As with each passing year, I would post a little update for my CPF numbers. Like I have stated many times, this isn’t a pissing contest. You want big numbers? AK’s blog is this way.

See previous posts here –

CPF Money That Keeps Growing (2017)

CPF Money That Keeps Growing (2018)

CPF News – $57,200 Basic Healthcare Sum For 2019

In my update for 2018, I estimated that I would achieve the CPF Full Retirement Sum (FRS) at the age of 38 in the year 2020. Looks like I’m going to have to up the ante this time by predicting that I’ll hit the FRS on the last day of 2019 when CPF interest is credited.

For this 10-year special edition, I dusted my statements and made nice little charts. I had already shared in my previous blog post my CPF Medisave Account (CPF-MA).

The first year charted was 2008, and this is the first year that I was under full-time employment. I had gone ahead and added in 2019 since it is a given that it will be achieved. Basic Healthcare Sum (BHS) achieved!

With the CPF interest finally credited, I now have the final numbers for 2018. Before that, let’s see how CPF interest numbers look like for the last ten years.

Steady uptrend there as a result of continuous hard work and employment. More money in CPF means more interest! All this is achieved without a single cent of CPF cash top-up, or transfer of CPF money from Ordinary Account to Special Account.

Saved the best for last : CPF-OA + CPF-SA numbers.

What made this possible? Being especially prudent when getting my first home in 2008 (a simple 4-room HDB flat in an up-and-coming new town when not many people wanted the area). I got my keys in 2011 which wiped out my CPF-OA. However, an affordable apartment ensured that my CPF-OA would have a chance to recover. It is doing so remarkably well, I should add.

My HDB partment during renovation

Remember what Christopher (of Providend) said about retirement and its simplest form?

  1. A Fully Paid House
  2. A Good Medical Expense Insurance
  3. A Lifelong Stream Of Income

Without a doubt, CPF is a significant driver for all three points over the last ten years for my financial well-being. I don’t care what people say, CPF is one of the best things that happened to me.

My apartment is 100% funded via CPF-OA without no cash outlay over a period of 30-years. Back then, it was possible to max it out to 30-years. And yes, it was a conscious and intentional decision to take a 30-years loan. It was the best decision back then, and I still feel the same way now. Don’t bother mentioning the interest rate point, I’ve covered it in the link above. Using a systemic withdrawal calculator, it is estimated that my CPF-OA now will be able to sustain my HDB loan payments for the remaining 22 years and 3 months plus plenty of left-overs. It is this aspect of financial security that matters to me.

Likewise, my Integrated Shield Plan is largely funded via CPF-MA. I added cash-riders to fully cushion co-payment and deductibles when it was possible. A bill shock (like the one for my dad if he didn’t have a shield plan) would be extremely painful, and possibly wipe out hard-earned assets.

CPF will eventually provide a lifelong stream of income, well, if I make it to withdrawal age. If not, my loved ones can have my CPF money. Home Protection Scheme (HPS) will take care of my portion of the housing loan, the money will support my parents until they pass, and my wife will get the rest of it so that she will not be burdened. So yes, CPF is my money even if I don’t get to spend it.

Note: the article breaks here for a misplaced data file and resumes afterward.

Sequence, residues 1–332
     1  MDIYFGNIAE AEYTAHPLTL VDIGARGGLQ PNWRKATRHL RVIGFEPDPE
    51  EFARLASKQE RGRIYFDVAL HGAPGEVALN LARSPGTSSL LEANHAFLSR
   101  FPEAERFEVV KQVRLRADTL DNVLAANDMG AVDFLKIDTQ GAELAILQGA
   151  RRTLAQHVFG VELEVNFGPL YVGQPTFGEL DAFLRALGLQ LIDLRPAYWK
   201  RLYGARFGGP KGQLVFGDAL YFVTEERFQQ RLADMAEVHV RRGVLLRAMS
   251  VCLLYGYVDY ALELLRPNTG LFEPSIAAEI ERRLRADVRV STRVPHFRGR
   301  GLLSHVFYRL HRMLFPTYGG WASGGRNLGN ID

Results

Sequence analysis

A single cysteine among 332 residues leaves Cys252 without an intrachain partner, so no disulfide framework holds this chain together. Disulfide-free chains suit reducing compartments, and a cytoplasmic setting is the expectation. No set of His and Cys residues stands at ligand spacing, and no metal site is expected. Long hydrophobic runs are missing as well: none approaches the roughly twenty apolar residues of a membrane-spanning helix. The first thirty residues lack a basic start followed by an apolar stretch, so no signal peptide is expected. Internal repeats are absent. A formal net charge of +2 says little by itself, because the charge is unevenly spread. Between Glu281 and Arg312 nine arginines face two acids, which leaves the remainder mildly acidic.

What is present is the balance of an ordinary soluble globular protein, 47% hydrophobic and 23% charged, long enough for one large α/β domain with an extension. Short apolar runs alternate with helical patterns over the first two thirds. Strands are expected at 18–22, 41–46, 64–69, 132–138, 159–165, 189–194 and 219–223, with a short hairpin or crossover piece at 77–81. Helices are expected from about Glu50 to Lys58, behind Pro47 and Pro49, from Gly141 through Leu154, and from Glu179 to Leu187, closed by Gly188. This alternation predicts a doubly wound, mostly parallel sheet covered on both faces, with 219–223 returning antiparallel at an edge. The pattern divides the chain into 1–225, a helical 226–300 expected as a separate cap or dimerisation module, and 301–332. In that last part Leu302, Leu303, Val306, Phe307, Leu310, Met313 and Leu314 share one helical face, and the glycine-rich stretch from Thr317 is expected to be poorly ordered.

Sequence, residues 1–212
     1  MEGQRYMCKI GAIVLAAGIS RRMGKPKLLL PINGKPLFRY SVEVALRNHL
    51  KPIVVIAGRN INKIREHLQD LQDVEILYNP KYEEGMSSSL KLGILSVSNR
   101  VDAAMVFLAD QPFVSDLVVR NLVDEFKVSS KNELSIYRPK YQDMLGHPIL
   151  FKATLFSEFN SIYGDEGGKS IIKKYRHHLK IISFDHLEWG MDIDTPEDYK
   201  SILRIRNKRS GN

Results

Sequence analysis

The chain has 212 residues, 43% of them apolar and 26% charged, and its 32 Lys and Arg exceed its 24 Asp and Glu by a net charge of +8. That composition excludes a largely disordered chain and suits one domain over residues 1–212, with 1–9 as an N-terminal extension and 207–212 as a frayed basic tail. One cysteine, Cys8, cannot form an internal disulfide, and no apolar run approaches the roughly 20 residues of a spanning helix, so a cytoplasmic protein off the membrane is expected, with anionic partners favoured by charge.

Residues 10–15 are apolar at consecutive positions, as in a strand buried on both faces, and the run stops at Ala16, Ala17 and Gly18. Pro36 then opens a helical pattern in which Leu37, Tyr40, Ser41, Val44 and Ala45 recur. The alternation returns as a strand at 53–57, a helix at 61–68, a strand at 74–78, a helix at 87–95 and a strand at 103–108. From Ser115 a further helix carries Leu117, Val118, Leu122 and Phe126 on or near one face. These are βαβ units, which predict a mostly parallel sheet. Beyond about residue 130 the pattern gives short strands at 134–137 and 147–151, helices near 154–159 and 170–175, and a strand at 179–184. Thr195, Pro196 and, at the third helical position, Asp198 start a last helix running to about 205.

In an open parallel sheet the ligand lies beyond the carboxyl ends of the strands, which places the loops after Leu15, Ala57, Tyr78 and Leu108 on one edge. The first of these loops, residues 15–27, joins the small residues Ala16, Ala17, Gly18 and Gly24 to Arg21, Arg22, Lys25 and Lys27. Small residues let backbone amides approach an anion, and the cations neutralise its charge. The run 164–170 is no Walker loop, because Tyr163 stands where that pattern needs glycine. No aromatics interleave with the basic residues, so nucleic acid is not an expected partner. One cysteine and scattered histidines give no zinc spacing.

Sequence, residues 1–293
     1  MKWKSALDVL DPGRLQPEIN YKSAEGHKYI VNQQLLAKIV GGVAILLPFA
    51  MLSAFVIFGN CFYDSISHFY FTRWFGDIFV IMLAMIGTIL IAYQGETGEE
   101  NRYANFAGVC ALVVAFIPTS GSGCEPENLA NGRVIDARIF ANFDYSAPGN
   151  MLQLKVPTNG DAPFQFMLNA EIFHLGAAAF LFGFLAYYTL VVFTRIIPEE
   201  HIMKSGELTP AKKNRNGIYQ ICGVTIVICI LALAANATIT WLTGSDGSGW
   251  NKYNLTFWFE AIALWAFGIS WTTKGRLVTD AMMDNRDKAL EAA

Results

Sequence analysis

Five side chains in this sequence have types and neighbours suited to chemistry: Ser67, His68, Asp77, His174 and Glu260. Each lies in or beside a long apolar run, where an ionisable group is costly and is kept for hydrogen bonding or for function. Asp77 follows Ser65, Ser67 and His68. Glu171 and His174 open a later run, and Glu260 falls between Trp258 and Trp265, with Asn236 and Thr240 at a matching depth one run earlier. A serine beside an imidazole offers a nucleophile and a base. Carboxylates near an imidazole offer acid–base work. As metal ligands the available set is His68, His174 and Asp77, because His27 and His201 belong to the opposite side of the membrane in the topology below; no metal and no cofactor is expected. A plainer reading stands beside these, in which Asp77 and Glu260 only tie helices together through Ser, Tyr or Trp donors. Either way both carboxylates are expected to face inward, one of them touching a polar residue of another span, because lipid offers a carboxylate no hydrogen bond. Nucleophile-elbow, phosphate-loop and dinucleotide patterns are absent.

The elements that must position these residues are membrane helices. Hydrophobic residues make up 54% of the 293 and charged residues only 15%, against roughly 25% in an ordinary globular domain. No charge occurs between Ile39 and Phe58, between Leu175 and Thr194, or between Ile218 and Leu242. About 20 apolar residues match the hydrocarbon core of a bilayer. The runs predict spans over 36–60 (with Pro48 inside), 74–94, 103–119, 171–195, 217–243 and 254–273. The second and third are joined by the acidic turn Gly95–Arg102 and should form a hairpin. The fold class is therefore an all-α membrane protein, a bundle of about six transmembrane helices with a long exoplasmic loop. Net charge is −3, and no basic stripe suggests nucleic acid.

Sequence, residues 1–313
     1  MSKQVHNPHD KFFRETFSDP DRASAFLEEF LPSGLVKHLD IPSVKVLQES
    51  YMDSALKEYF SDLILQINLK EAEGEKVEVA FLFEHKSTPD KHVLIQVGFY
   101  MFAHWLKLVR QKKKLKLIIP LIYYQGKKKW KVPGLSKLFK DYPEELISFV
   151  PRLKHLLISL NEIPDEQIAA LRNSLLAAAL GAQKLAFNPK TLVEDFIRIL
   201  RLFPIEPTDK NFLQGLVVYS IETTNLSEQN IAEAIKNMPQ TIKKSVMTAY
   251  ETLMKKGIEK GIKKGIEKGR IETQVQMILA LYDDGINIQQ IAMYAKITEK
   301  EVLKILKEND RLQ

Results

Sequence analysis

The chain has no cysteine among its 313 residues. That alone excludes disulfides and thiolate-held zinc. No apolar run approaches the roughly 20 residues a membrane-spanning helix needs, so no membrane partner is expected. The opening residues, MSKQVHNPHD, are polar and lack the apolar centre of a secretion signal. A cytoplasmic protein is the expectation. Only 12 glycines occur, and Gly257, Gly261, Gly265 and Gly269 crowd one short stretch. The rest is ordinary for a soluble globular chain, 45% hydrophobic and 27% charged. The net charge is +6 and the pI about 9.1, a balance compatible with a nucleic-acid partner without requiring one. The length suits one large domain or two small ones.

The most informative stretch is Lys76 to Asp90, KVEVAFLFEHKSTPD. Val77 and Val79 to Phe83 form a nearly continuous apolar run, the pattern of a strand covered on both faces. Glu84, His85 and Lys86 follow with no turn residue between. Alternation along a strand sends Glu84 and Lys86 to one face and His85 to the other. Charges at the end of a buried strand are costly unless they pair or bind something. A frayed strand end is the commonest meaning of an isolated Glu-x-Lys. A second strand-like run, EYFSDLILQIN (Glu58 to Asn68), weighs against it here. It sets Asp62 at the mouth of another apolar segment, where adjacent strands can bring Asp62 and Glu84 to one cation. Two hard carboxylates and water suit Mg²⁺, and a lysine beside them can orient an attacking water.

End Game

I’m at a very different stage now, and I’m beginning to think a lot more seriously of my end-game even though I’m only 36 🙂 Actually, not just my own, but my parents’ as well. This point below has been on the back of my mind since I last read about it.

On 2nd Oct 2017, under proposed changes to the CPF Act tabled by the Ministry of Manpower in Parliament, CPF members will be allowed to transfer their savings to their parents and grandparents, as long as they have the required Basic Retirement Sum in their own accounts and a sufficient property pledge or charge to make up the rest of the full sum.

The change went ‘live’ in October 2018. (Retirement Sum Topping-Up Scheme)

The threshold for members to transfer their CPF savings to their parents and grandparents has been lowered from the FRS to BRS, if the member has enough CPF savings inclusive of property pledge/charge to meet at least the current FRS (if he/she is below 55 years old), or the FRS applicable to him/her (if he/she is 55 years old and above). This concession gives members who are providing for their parents and grandparents more options to strengthen their parents’ and grandparents’ retirement adequacy.

As it turns out, I can transfer to my parents a significant sum (almost $40,000) as of today.

See an example of how it works. Notice the big blue arrow that I drew.

Plenty of food for thought as I end off this CPF post. Seeing that the modified scheme has only gone ‘live’ for two months, I’m hoping to see increased usage of it by others this year and how they are using it. My CPF post for 2020 would be a nice one to write about.

Sharing a meaningful and touching video of 郭彥甫 (if you understand Mandarin) on the responsible pursuit of dreams regardless of age and situation – I watched it twice thrice and was especially moved by the early days of his life and hold a lot of identical views that he shared on the show. Pursuing a practical career that brings in the money. Carrying debts for our family. Delaying our dreams due to adulthood responsibilities. Not too different from many of us, right? (Click on “Watch on YouTube” if you can’t view it) CPF is an enabler of dreams. That’s how I see it, and I’m in a far, far better position financially with the availability of CPF, plus it is now giving me the added option of supporting my loved ones with it.

Happy New Year! 🙂 (net worth blog post coming soon)